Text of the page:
Sunday, February 17, 2008

FBI Symposium on Agroterrorism

Last week there was an article on about an upcoming symposium that the FBI is conducting on agroterrorism. Actually it is the Third International Agroterrorism Symposium and it is being held in Kansas City on April 21st thru 24th. The focus of this year’s symposium will be:


“….the importance of food defense and the need to closely communicate and coordinate among private industry, law enforcement, government agencies, science, academia, and the health and medical professions in order to protect the global food supply.”


Now fighting agroterrorism and protecting chemical facilities against terrorist attacks are not one and the same thing. There are overlaps, however. Commercial or industrial agriculture as practiced in the United States is very much a chemical intensive operation. Many of the chemical used down on the farm are the same ones that DHS has identified as potential terrorist targets. The food processing industry also uses a number of chemicals that are found in Appendix A to 6 CFR part 27.


Unfortunately, looking at the published program for this symposium I see nothing about farm chemicals or food processing chemicals as potential targets of terrorist attacks. I would have thought that this would be a perfect opportunity for DHS to reach out to agriculture industry to explain what it was trying to accomplish with their CFATS program. Especially since agriculture has been the most potent political foe DHS has had to deal with in implementing these regulations.


In fact, there are two specific issues that DHS has with the agricultural production industry that need to be dealt with in the coming months and this might be an ideal venue to publicly bring that industry into the fold. The first, of course is the temporary agricultural exemption to the Top Screen (see: “Agriculture does not understand even the revised rules”). The second is the upcoming regulations on the sale of ammonium nitrate (see: “DHS and the Omnibus Spending Bill”).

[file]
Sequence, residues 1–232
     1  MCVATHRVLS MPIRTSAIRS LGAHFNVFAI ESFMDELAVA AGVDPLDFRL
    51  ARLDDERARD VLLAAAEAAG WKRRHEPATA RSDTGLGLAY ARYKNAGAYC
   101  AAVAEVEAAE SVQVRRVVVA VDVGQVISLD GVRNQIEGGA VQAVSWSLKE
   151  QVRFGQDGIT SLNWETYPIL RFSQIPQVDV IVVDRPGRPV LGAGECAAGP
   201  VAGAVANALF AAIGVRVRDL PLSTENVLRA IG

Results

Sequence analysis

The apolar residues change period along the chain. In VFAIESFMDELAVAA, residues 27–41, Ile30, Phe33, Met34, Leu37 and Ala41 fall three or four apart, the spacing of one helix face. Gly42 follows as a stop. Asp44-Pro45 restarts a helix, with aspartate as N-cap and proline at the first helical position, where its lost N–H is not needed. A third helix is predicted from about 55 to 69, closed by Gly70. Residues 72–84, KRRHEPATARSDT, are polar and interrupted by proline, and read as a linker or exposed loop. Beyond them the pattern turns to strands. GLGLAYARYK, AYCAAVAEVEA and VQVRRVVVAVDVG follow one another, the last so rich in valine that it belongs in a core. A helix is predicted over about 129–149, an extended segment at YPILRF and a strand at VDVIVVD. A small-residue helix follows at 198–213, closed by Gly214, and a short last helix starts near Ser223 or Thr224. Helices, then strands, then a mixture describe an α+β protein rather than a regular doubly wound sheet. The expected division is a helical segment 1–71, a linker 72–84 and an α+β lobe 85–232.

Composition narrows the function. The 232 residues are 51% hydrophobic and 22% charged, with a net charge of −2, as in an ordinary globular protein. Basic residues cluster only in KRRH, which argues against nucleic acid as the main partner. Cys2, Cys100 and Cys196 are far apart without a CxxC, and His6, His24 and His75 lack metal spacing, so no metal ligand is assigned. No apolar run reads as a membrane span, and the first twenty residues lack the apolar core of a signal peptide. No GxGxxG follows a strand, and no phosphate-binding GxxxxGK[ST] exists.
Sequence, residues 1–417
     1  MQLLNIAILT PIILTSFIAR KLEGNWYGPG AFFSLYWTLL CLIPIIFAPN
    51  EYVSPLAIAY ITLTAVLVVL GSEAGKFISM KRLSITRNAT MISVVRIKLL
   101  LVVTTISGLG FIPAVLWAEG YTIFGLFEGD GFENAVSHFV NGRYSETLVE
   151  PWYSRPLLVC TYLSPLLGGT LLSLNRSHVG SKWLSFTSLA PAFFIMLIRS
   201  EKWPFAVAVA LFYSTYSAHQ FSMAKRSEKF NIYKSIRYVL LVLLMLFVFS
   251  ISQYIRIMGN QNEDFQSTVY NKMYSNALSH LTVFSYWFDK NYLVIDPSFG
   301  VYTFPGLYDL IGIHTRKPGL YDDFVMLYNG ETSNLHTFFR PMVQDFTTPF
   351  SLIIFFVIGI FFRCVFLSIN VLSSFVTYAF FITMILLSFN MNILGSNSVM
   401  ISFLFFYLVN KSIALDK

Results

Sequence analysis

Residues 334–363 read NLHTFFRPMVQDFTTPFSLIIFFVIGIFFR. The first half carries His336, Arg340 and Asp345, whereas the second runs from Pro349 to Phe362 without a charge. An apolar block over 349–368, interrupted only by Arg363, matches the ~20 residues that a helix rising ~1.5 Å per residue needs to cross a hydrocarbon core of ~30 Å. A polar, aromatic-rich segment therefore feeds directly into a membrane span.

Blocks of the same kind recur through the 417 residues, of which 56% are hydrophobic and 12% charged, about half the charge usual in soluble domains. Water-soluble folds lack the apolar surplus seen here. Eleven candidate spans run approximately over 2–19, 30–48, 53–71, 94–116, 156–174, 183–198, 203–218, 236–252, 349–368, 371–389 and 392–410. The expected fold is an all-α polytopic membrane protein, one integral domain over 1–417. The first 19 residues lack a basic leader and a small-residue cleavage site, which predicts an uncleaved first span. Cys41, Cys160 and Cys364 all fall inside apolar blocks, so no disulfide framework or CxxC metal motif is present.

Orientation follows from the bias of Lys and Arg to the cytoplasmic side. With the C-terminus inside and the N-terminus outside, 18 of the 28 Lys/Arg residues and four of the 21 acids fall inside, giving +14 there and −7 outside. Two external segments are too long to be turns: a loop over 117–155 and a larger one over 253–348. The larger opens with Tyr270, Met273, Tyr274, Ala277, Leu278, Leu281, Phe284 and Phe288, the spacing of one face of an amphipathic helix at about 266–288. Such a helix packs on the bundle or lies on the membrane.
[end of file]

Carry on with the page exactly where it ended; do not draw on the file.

Agriculture Top Screen Exemption


By the time that the end of April comes around DHS should have decided what they want to do about the various chemicals of interest from Appendix A that are wide spread on farms, ranches, etc. It would seem that some sort of abbreviated Top Screen would be the easiest way to get the required information into the CSAT system and eliminate 99% of the farmers and ranchers from the list of potential high-risk chemical facilities.


DHS needs to get these people to complete the Top Screen so that the CFATS system appears to be a fair and equitable attempt to identify all high-risk facilities. A careful explanation of that reality and an assurance to these farmers that DHS does not want to send their chemical facility inspectors out traipsing through barns and fields will go along way to ease the confrontation that has become such a political nightmare for DHS.


Ammonium Nitrate Sales/Transfer Rules


The new ammonium nitrate rules that DHS was directed to implement by Congress in the latest spending bill have the potential for being an even worse headache for farmers and DHS. These regulations are aimed directly at farmers and farm supply companies. They will certainly put a paperwork burden on a large number of farmers and small business people. DHS needs to reach out to the agriculture community early in this process if they are going to have any hope of avoiding a number of bruising political fights over these regulations.


DHS has a June 26th deadline to get a proposed regulation into the Federal Register. This April date would give DHS adequate time to get a general idea of what they want to do (and Congress was a little more specific this time than they were in the Section 550 instructions for CFATS). A good one-day round-table discussion at a forum like this would let DHS get their most vocal feedback on the table with time to make adjustments before the June deadline.


I hope that the lack of announced DHS participation at this FBI organized symposium is just one of those inevitable over sights on the part of both agencies. It would be a shame if parochial conflicts were the real reason that DHS is not on the program. Agriculture and the American people deserve better.

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